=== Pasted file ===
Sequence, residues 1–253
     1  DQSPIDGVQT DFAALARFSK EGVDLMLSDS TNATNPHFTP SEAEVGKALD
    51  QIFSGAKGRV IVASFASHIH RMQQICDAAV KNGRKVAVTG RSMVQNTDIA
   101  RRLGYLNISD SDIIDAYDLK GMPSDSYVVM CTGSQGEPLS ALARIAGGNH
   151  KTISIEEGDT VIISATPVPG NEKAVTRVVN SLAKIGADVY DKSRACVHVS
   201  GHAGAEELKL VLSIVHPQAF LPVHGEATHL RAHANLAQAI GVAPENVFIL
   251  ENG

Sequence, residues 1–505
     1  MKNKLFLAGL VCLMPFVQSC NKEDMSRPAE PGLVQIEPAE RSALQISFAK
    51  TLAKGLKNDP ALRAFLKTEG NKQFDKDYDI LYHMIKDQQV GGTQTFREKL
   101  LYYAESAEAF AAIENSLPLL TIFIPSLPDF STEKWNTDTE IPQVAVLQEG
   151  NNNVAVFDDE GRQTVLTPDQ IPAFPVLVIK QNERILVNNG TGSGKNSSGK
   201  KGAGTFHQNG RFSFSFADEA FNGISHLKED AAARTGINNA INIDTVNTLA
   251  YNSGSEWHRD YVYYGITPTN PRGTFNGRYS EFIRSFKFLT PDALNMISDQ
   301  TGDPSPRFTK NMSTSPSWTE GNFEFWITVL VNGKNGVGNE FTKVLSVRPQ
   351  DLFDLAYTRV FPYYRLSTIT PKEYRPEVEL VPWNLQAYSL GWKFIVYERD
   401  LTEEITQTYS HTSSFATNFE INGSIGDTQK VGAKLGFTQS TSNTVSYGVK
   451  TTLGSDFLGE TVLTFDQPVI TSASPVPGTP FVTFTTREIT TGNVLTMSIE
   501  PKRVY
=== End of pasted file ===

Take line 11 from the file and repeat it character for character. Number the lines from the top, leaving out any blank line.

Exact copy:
   101  LYYAESAEAF AAIENSLPLL TIFIPSLPDF STEKWNTDTE IPQVAVLQEG